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Furey v. County of Ocean

January 31, 1996

KERRY A. FUREY, GENERAL ADMINISTRATRIX AND ADMINISTRATRIX AD PROSEQUENDUM OF THE ESTATE OF EUGENE T. FUREY, DECEASED, PLAINTIFF-APPELLANT,
v.
COUNTY OF OCEAN, DEFENDANT- RESPONDENT.



On appeal from the Superior Court of New Jersey, Law Division, Ocean County.

Approved for Publication January 31, 1996.

Before Judges Shebell, Stern and Wallace. The opinion of the court was delivered by Shebell, P.j.a.d.

The opinion of the court was delivered by: Shebell

The opinion of the court was delivered by SHEBELL, P.J.A.D.

In our reported decision of Furey v. County of Ocean, 273 N.J. Super. 300, 641 A.2d 1091, 641 A.2d 1091 (App. Div. 1994), certif. denied, 138 N.J. 272 (1994), we decided several issues pertaining to this same litigation, including those pertaining to liability and the application of the collateral source rule. In addition, we held that pursuant to Sikes v. Township of Rockaway, 269 N.J. Super. 463, 467, 635 A.2d 1004 (App. Div. 1994), the deduction from the jury verdict of the payments plaintiff received from collateral sources, including Worker's Compensation, must be calculated before the verdict is adjusted to reflect the decedent's contributory negligence. Having so concluded, we commented that "this ruling makes the counsel fee issue moot as there will now be funds available from which a contingent fee may be paid." Furey, supra, 273 N.J. Super. at 319.

Following our remand of May 20, 1994, a distribution hearing was held in the Law Division. Plaintiff at that time also moved for an award of counsel fees against the County, pursuant to N.J.S.A. 59:9-5. This application was denied. It is only from the denial of counsel fees that plaintiff now appeals.

Plaintiff's brief on appeal suggests that we did not by commenting on the purported mootness of the fee issue thereby indicate that plaintiff was precluded from seeking an award of fees on remand or that an award would be inappropriate. Plaintiff states that we "simply followed the time-honored rule that an appellate court will not rule on an issues which is unnecessary to the Disposition of the appeal."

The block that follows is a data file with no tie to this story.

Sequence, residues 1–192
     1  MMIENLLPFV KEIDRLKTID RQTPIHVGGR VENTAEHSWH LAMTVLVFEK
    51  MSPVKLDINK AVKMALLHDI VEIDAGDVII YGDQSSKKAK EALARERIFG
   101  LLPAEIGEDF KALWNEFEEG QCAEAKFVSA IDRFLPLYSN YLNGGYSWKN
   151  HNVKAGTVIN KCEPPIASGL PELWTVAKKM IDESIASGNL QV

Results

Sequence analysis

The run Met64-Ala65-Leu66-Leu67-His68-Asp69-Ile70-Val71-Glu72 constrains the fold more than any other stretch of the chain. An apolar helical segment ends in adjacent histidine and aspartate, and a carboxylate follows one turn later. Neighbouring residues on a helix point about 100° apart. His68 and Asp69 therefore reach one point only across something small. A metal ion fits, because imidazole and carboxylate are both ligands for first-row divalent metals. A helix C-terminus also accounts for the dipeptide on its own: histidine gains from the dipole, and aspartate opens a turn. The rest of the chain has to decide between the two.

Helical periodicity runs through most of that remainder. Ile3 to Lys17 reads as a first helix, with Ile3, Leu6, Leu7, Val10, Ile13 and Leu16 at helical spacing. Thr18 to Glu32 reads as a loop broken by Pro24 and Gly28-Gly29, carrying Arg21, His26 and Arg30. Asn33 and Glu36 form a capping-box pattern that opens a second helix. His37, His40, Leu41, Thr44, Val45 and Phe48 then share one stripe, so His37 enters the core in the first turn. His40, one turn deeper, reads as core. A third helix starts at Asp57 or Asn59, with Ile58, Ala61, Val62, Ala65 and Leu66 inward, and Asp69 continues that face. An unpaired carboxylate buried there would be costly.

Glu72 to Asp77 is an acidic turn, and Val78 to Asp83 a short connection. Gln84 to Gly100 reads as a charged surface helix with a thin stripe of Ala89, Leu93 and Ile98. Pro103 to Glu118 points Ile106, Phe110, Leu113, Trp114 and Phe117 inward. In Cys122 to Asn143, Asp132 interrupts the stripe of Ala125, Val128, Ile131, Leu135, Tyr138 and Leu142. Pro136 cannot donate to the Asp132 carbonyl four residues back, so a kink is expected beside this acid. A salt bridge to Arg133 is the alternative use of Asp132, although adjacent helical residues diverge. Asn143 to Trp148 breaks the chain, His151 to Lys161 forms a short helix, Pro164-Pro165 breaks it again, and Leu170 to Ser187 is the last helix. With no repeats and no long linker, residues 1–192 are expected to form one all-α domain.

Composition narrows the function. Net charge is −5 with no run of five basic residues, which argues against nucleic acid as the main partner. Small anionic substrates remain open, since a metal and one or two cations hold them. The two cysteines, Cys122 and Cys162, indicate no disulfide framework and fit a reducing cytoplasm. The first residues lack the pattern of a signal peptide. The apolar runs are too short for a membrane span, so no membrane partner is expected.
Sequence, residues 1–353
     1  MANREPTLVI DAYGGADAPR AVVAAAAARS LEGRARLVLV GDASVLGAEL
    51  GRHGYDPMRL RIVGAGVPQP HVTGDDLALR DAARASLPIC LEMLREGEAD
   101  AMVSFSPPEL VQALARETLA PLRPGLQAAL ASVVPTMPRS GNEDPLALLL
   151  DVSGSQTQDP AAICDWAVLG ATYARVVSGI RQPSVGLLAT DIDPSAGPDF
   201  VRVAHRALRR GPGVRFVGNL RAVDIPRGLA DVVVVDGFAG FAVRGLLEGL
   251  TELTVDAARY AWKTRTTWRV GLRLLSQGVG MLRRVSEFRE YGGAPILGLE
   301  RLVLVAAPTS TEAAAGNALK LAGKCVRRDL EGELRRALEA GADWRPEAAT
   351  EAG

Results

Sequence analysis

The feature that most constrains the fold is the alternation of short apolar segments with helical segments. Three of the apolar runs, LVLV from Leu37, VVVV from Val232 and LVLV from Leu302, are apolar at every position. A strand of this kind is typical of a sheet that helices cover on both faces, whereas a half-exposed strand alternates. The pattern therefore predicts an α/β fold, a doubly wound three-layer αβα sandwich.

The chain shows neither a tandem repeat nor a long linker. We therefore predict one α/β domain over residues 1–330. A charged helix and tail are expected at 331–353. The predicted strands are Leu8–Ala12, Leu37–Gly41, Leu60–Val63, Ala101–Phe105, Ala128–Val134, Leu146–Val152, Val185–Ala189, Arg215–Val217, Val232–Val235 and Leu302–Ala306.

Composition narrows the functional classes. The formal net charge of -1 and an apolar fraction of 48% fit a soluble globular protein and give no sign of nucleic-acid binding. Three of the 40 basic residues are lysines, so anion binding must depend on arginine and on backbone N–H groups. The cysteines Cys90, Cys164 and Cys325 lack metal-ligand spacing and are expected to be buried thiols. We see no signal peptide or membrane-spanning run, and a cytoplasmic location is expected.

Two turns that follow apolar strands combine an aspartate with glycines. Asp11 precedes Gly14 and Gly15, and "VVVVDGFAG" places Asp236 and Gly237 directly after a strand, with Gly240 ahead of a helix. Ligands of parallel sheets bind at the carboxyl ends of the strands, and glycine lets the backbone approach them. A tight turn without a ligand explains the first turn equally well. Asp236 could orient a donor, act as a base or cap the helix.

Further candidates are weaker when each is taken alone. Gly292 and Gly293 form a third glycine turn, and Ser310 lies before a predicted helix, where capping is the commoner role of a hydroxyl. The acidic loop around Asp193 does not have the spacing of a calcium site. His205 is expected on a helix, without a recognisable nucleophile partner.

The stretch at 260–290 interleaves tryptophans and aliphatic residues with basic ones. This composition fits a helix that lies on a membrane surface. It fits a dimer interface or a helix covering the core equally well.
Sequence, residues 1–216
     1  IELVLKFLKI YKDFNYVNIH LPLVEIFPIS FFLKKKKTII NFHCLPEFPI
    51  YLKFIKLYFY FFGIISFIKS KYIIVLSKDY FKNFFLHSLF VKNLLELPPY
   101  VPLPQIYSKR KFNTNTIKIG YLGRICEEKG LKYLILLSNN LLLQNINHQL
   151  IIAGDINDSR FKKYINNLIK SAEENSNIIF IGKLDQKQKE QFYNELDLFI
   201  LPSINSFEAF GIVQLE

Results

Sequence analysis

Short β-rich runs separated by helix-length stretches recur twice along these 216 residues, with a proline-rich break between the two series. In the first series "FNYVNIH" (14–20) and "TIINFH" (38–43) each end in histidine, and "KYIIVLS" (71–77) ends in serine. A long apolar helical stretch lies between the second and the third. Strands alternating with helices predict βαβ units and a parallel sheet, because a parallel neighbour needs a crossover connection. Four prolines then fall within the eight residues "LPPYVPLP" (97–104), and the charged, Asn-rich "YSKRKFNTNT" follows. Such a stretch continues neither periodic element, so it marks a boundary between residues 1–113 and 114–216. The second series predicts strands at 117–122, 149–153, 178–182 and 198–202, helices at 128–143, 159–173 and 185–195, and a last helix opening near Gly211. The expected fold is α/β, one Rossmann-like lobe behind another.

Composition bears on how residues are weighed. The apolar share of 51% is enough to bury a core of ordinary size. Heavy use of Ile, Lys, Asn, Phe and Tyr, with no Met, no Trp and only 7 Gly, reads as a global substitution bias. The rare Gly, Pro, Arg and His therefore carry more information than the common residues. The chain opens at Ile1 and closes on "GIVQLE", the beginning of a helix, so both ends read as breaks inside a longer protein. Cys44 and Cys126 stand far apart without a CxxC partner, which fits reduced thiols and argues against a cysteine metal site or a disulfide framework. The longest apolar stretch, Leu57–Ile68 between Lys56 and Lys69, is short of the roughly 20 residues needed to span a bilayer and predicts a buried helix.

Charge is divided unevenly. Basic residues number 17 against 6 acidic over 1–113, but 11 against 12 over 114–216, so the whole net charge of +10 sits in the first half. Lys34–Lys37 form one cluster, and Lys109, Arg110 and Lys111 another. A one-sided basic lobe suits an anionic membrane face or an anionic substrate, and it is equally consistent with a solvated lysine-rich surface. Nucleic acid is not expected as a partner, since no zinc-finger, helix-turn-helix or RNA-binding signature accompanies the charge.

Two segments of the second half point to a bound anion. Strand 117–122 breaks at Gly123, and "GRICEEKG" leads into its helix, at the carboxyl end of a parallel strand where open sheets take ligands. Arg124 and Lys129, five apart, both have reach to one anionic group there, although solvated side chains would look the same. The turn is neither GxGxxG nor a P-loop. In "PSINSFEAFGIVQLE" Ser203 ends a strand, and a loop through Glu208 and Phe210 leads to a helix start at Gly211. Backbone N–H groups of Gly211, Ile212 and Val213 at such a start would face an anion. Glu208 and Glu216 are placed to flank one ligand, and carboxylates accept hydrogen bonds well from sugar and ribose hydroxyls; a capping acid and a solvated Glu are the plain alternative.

In any event, our comment was clearly inappropriate if it conveyed the thought that because there were funds available from which a contingent fee might be paid, the issue of fees should not be considered by the trial Judge. The plain language of N.J.S.A. 59:9-5, authorizing the award of attorney's fees, negates such a Conclusion. N.J.S.A. 59:9-5, entitled "Discretion to award attorney's fees; limitation," provides:

In any action brought against a public entity or a public employee under this act, the court may, in its discretion, award a successful claimant (a) costs ordinarily allowable in the private sector (b) expert witness fees not exceeding a total of $100.00 and (c) reasonable attorney's fees; provided however that there shall be no such recovery in any case where damages are awarded for pain and suffering. *fn1

The comment to this provision states:

With the exception of aggravated circumstances where pain and suffering is allowed, the underlying policy as to damages in this act is to reimburse an injured claimant to the full extent of his present and projected economic loss. Consistent with this thesis, discretion is vested in the trial Judge to compensate a successful claimant against either a public entity or a public employee for the reasonable amount of his attorney's fees and for $100 worth of his expert witness fees. This is done in order to insure that a claimant is compensated for virtually all of his economic loss.

[Report of the Attorney General's Task Force on Sovereign Immunity (May 1972); reprinted at N.J.S.A. 59:9-5 (Historical Notes).]

The March 20, 1995 order denying "plaintiff's motion for an award of costs, expert fees, witness fees, reasonable attorney's fees, pursuant to N.J.S.A. 59:9-5" appears to have been based on the following observation of the trial Judge.

Every attorney makes a decision when he takes a client. He makes a decision as to the validity of the case. He makes a decision as to how much effort he thinks he or she has to put in to the case. And, most importantly he makes a business judgment. And, he makes that business judgment when he says, I will take a retainer ...


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